The Kilpatrick Fraser Charitable Trust has been supporting our Club Development Grant scheme for 4 years now, but it is fair to say that in 2021 their investment has been even more crucial than ever as grassroots clubs and organisations strived to recover from the Covid-19 pandemic. An incredible 60 Scottish FA Quality-Marked clubs from all across Scotland were each awarded a grant of £500 which helped put the game back on course after months of lockdown when no football was being played. Every single one of these clubs and their volunteers work incredibly hard to support young players in their local communities and this investment has allowed them to boost and grow participation for young people when they needed it most.
Grants are awarded to help clubs increase participation numbers, sustain existing activity and help with the development of volunteers. This year, there was a particular focus on encouraging the growth of the girls’ game in Scotland. UEFA are aiming to double girls’ and women’s participation in football across Europe by 2024 and we are delighted, through our Club Development scheme, to help clubs work towards this goal and have more girls out on the pitch enjoying the game.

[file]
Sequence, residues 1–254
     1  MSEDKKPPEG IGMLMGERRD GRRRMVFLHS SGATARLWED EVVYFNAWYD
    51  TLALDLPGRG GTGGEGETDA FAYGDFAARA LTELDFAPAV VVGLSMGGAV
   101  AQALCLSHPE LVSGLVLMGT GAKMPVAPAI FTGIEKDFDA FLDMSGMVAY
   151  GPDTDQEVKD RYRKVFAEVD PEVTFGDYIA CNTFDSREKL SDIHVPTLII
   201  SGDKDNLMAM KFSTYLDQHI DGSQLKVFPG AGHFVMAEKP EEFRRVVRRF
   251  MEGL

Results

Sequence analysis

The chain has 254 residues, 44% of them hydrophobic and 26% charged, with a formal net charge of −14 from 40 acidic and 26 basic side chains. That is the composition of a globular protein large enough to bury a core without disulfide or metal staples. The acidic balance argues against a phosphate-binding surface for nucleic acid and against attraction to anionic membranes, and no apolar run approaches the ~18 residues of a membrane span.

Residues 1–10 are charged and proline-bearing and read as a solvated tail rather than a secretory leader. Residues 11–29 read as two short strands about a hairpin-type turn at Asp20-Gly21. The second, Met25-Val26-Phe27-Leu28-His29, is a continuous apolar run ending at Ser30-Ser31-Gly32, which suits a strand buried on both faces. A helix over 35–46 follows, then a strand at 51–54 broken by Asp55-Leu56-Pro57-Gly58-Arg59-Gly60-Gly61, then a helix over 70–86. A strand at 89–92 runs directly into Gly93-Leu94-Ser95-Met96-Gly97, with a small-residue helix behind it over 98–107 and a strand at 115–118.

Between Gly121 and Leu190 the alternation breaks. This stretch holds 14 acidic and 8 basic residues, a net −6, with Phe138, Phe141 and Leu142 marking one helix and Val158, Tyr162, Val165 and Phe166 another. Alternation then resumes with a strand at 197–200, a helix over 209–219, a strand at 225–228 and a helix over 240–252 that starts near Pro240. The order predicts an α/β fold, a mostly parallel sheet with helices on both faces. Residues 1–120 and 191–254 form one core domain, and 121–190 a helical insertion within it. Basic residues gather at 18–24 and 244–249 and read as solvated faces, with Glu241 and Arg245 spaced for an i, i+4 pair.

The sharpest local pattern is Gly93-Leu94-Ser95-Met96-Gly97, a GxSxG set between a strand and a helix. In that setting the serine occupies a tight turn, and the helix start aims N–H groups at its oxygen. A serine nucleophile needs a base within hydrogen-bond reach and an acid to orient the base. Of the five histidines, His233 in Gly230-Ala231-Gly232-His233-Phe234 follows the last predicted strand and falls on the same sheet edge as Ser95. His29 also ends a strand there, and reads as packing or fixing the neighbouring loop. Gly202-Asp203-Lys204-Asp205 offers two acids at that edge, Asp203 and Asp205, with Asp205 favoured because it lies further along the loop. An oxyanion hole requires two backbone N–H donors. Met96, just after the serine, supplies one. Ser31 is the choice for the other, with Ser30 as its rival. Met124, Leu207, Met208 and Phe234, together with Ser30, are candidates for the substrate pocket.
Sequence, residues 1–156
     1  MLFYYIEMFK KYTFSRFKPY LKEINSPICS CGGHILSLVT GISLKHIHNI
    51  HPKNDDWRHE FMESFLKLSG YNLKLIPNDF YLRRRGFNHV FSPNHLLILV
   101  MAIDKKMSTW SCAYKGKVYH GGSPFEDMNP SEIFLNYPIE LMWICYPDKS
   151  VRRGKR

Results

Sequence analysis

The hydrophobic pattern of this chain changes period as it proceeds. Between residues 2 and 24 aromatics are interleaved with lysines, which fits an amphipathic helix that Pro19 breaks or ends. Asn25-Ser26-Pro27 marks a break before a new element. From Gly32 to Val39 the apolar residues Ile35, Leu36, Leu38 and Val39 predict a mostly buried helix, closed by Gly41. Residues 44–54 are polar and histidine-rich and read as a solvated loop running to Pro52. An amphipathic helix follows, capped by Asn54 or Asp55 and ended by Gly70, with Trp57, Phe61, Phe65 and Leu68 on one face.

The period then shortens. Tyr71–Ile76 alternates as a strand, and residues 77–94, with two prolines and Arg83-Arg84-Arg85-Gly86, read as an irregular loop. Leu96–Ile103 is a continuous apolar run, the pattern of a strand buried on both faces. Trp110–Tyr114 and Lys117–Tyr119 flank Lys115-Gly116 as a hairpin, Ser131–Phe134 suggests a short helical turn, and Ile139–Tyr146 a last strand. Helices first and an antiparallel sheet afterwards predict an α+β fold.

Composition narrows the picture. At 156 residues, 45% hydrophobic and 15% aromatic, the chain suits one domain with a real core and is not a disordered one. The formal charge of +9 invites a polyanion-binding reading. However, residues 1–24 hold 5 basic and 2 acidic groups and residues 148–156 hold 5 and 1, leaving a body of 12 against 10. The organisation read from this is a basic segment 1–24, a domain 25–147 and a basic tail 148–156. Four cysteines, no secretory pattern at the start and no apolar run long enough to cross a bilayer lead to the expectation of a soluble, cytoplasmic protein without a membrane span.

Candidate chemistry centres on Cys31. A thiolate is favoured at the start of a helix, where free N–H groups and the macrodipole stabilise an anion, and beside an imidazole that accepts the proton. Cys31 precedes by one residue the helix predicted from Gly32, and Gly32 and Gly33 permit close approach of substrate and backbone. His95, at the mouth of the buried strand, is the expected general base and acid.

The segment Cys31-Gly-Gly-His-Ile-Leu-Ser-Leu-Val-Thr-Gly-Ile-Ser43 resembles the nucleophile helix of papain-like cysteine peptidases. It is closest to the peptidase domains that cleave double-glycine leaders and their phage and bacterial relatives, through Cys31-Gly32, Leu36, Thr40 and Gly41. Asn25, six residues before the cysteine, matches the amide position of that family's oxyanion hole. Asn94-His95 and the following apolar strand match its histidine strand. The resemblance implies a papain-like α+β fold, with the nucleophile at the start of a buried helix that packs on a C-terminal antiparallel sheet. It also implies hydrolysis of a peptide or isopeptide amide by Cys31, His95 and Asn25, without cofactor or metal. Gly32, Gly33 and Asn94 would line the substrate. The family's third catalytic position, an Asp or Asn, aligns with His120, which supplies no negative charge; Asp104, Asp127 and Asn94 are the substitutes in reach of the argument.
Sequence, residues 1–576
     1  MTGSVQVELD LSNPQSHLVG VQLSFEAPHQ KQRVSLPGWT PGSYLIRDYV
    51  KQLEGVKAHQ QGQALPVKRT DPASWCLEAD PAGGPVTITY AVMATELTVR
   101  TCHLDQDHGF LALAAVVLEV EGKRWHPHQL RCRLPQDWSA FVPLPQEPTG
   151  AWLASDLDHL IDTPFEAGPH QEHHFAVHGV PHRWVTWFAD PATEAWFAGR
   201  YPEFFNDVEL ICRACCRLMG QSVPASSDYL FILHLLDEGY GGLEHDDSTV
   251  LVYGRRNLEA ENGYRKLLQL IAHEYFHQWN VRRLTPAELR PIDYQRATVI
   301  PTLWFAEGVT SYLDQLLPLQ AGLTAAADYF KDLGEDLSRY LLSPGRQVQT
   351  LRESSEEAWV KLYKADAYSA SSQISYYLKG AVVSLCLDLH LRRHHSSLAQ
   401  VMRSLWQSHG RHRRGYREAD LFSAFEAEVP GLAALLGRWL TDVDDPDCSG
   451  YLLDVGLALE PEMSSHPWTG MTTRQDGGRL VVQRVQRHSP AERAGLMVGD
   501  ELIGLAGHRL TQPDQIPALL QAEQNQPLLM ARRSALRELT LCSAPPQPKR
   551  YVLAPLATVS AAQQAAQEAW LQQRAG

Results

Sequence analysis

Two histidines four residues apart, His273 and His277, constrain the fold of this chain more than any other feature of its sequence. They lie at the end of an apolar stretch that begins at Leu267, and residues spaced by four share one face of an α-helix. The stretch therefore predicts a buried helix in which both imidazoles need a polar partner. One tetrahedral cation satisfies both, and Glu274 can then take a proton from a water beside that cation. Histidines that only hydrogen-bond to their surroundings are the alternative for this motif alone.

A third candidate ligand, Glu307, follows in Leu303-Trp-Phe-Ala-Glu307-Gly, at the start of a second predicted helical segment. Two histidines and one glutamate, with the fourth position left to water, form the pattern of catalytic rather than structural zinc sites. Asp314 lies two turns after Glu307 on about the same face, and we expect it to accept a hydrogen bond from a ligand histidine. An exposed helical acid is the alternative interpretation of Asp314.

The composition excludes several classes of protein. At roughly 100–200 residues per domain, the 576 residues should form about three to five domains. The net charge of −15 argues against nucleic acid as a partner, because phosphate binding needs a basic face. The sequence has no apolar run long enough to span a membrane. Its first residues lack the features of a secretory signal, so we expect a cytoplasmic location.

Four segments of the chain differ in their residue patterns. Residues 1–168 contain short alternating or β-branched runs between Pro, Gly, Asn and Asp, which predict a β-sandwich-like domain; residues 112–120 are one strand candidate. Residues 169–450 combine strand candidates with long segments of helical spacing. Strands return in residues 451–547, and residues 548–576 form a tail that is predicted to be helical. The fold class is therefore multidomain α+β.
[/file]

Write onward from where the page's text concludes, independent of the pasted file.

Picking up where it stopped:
Another core area for funding has centred on Coach Education for the many volunteers who give up their time freely to coach and nurture young people from across Scotland. These volunteers contribute so much to the game at grassroots level and improving the quality of coaching is paramount to growing and sustaining participation in our sport.
Grants this year have also allowed clubs to grow the scale and diversity of the game – from providing football for Over-35s to opportunities for deaf and autistic children to participate in football through specialised para-coaching, ensuring that football is available for all those who want to become involved.
All of this has been possible thanks to the generous support of The Kilpatrick Fraser Charitable Trust.
Here are some of the key performance statistics from this year’s initiative;
√ 55 new teams created : 26 girls’ teams; 7 boys’ teams; 20 mixed teams; 2 men’s teams
√ 1,080 new players brought into the game, 723 of which were girls.
√ 40 clubs benefitted from enhanced training kit and equipment supporting activity for 1,117 players, with 5 purchasing small-sided goals for their younger age-groups.
√ 124 club volunteers supported through coach education, which included goalkeeping coaching, para-coaching and specialist coaching for autistic children.
√ 43 club volunteers supported through First Aid training helping to safeguard the welfare of players at 9 clubs.
√ 2 clubs created new recreational football teams for men to address issues of mental health and isolation.
√ 4 clubs invested in new para teams ranging from supporting deaf children, children with autism and those with additional needs.
√ 1 club piloted a Friday night football initiative to help tackle anti-social behaviour for young adults aged 14 to 16.